Today: May 22, 2024

Masters program approved

Jose VegaContributor

For several years, a new master’s program in applied behavior analysis has been underway. Now that it has been approved by the Board of Regents at the university will being starting fall 2021.

Department of Special Education Meghan Brahm said the ABA coursework will help to prepare students to work in all the different fields that will require the skills learned throughout the program.

“Area of focus or expertise can be tailored based on the student’s clinical experience,” said Brahm. “You will regularly find behavior analysts working in fields such as sports/health and fitness, prevention and intervention in child maltreatment, behavioral gerontology, organizational behavior management, sustainability, substance abuse disorders, brain injury rehab, animal behavior, et cetera.”

College of Education Dean Stephen Hegedus was one of two who presented the program to the BOR, noting that there is a great need for Board Certified Behavior Analyst (BCBA) licensed personnel and consultants in Connecticut and across the United States.

The program’s mission is to prepare students to use the applied skills learned in the educational and/or therapeutic environments with individuals that may or may not have disabilities. It will also prepare them to pass the BCBA exam and apply to become a licensed Behavior Analyst in the State of Connecticut.

The field of behavior analysts has grown considerably in popularity. According to the U.S. Bureau of Labor Statistics, there were only 400 certified professionals in 2000, 10,000 in 2012, and 40,000 in 2020.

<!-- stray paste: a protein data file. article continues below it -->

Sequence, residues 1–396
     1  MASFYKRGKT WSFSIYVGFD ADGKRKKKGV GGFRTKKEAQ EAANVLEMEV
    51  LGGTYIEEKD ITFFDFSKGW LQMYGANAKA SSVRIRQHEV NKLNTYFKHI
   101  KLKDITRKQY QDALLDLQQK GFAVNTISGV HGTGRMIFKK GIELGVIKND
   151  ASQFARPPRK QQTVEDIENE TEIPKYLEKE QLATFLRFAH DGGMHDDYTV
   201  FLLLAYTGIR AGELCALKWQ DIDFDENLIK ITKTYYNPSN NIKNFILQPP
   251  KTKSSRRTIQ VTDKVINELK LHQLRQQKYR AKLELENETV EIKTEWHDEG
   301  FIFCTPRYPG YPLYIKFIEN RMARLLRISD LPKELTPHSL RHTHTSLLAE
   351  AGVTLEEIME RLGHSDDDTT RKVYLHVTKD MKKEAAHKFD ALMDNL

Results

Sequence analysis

Bilingual elementary education major Alexis Woods, an undergraduate, said at first glance, the program seems to have a lot of versatility and gives the chance to work towards helping students understand the world around them.

“I think it’s important we think of ways to increase their knowledge and understanding,” said Woods. “This new program will be a great way to benefit those who are special education majors, psychologists, etc. to further enhance their knowledge and provide better improved students experiences in and out of school.”

The approved program will align with the university’s mission of serving the public good and creating professionals who can affect change in their communities and help different institutions reach their goals.

According to the Board of Regents agenda, “Southern’s commitment to liberal arts and professional disciplines means an applied science of learning, used to support a variety of individuals, is an excellent fit.”

Elementary education major Olivia Zembruski, junior, expressed her interest in the program, saying it will help her and others like her better understand the behaviors of children who might be facing mental and physical obstacles with their education.

“I want to work with critically ill children in a hospital education setting,” said Zembruski. “I can see that doing my Master’s in that would help me understand and be able to help a lot of the social/emotional pieces of long stays in the hospital, as well as help the children adjust to life outside those walls.”

Brahm said with interest primarily being shown by private companies, she is enthusiastic about spreading the news of a new masters program and said they are in the process of expanding into undergraduate studies in the future.

“We hope to start talking to students as SCSU about the MS opportunity,” said Brahm. “We are also in the process of creating an undergraduate ABA option for students at SCSU and hope that will be available within the next few school years.”

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